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    HLSL Help!

    Hi all,

    Long-time watcher, first time poster

    I'm a pretty proficient hlsl programmer, and I'm getting into the UDK now, drooling with anticipation of producing some good stuff. I've made custom Oren-Nayar shaders, Minnaerts, Cook-Torrance and the rest, and been consistently amazed and impressed by the work of many here, especially those like ambershee and IndependentSoul who push the limit of what this engine can do!

    So, of course, I want to try out some cool post effects as well, but I need a little help. A small thing, really.

    How can I access the buffers for, say, a custom SSAO or SSDO effect? I have the code written, tested it out in Composer, and I'm pleased, but I can't figure out exactly how to get buffer info out of the engine.

    Do I simply use the DestDepth (or equivalent) nodes in my loops, or can I declare them nakedly in the Custom node? All I need is a hint here! I'm really eager to get on with a good project I hope you will all like, but this has me hamstrung.

    Hoping for a bone

    Thanks

    #2
    AFAIK you can only use the SceneTexture and depth buffers. UDK doesn't give access to any 'normal' buffer for example
    try using nodes when possible (they are faster than the Custom node)

    Comment


      #3
      Thanks for the reply!

      Yeah, the custom node should only be used for certain limited functions; in my case, only things like loops that can't be coded with nodes. The main problem with it is lack of folding, which is completely understandable!

      However, you MUST be able to access normals in some form, since ambershee and IndependentSoul have both produced their own SSAO effects which require the use of normal lookups per pixel sample to operate. I'm guessing they used the CameraVector node or something like it to get a normal-per-pixel value, but I don't know how they achieved this... and they don't give much away in their threads I wonder if they or anyone else could just give a clue on that little nugget...?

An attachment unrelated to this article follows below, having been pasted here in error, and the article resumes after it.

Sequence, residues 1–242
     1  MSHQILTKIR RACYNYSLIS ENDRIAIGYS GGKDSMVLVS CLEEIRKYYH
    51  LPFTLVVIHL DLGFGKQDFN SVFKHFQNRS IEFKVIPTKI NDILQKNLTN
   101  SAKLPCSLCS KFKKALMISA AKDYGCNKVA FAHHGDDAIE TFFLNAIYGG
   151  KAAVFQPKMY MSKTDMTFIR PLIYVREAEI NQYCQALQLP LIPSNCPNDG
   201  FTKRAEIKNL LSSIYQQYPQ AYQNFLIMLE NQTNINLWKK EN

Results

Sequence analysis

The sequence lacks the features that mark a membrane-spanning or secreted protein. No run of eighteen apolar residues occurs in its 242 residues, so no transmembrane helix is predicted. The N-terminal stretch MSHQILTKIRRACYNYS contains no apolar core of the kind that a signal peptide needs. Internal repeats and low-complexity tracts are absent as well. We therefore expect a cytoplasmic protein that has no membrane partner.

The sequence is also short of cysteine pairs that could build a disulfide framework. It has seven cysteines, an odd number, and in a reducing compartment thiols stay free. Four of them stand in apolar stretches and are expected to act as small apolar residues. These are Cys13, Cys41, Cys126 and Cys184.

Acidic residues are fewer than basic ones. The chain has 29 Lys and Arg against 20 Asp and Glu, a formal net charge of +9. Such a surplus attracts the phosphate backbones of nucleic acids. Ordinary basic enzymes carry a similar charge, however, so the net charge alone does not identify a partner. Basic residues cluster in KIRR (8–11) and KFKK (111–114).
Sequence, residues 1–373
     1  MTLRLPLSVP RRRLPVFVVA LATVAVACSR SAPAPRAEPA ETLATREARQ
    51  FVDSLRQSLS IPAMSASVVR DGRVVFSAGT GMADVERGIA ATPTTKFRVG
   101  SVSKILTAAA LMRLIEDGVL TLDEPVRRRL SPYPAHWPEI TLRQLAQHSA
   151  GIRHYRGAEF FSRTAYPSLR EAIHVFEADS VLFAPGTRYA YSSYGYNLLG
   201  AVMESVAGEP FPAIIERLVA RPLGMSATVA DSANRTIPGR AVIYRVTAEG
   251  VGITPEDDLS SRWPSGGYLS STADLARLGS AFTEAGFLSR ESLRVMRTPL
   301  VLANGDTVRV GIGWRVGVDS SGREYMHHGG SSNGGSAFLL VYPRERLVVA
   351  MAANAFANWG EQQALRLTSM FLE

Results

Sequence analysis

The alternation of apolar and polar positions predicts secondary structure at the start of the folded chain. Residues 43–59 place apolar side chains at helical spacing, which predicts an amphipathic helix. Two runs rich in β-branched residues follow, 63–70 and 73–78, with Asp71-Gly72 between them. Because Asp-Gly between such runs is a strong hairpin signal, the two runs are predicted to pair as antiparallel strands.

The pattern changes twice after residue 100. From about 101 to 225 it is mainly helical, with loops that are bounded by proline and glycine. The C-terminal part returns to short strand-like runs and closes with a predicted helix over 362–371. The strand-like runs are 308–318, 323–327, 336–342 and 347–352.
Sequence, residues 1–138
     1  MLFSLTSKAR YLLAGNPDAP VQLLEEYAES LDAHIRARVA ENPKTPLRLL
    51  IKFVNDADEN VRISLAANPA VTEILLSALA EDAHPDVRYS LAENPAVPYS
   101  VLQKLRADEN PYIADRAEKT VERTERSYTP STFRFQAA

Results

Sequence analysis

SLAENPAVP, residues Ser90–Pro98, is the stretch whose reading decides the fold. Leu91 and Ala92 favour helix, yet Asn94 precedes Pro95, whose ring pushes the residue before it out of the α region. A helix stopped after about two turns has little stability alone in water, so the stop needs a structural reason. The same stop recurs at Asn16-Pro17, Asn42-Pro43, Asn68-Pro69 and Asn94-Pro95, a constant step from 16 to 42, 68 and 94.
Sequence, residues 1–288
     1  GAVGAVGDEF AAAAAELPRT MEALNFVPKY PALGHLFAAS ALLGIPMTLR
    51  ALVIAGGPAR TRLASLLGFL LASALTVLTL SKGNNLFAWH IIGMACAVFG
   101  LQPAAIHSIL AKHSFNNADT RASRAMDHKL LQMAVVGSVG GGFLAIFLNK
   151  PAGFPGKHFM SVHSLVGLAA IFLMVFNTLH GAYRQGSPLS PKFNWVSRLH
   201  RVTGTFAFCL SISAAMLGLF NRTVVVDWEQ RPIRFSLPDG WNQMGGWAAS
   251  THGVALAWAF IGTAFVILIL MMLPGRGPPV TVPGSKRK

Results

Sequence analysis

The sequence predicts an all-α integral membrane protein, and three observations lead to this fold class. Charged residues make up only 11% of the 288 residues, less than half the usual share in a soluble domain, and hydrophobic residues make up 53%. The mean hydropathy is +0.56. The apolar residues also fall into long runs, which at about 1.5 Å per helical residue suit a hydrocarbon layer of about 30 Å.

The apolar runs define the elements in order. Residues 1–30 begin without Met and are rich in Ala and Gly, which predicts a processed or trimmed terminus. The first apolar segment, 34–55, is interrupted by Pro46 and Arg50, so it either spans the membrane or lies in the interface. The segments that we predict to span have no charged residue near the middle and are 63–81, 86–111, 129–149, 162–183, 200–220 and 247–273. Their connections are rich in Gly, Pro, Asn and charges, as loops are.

Thanks again!

      Comment


        #4
        There is one trick. Older versions of UDK gave you access to the actual shader files, where newer ones are compiled into binaries. You'd have to go backwards at least a year to obtain these.

        Comment


          #5
          And even then you don't know if they will work with newer UDK Versions, because all structural changes they might have been doing are now hidden inside the precompiled shader files.

          Comment


            #6
            Aha! Thanks so much, ambershee! That's exactly what I needed!

            Followup question; do the shaders still work in the new udk? I'm guessing so, but not taking anything for granted...

            Cheers!

            Comment


              #7
              Originally posted by rebb View Post
              And even then you don't know if they will work with newer UDK Versions, because all structural changes they might have been doing are now hidden inside the precompiled shader files.
              Possibly, but the shader code will give you the "UDK-speak" version of the buffer call, which is different from the standard HLSL gNormal/gDiffuse/gDepth call, which might then be called in a custom node. The engine then should run it, since the shader is compiled at runtime, and shouldn't care whether it's a pre-built shader or custom made. I hope that's the case, anyway, since it would be pretty sneaky to lock out selected pixel shader calls in the engine. Of course, it looks like Epic are hobbling the UDK right now (from our perspective, at least) but they probably have their reasons.

              The code access lockout and vertex shader lockout are understandable for different reasons, but this is a simple post process pixel shader, so shouldn't present any difficulty. I'll let everyone know if it works in a week or so (curse my busy schedule!)

              Comment


                #8
                Another quick thought before I go; it must work with the newer udk, since ambershee uses the later versions too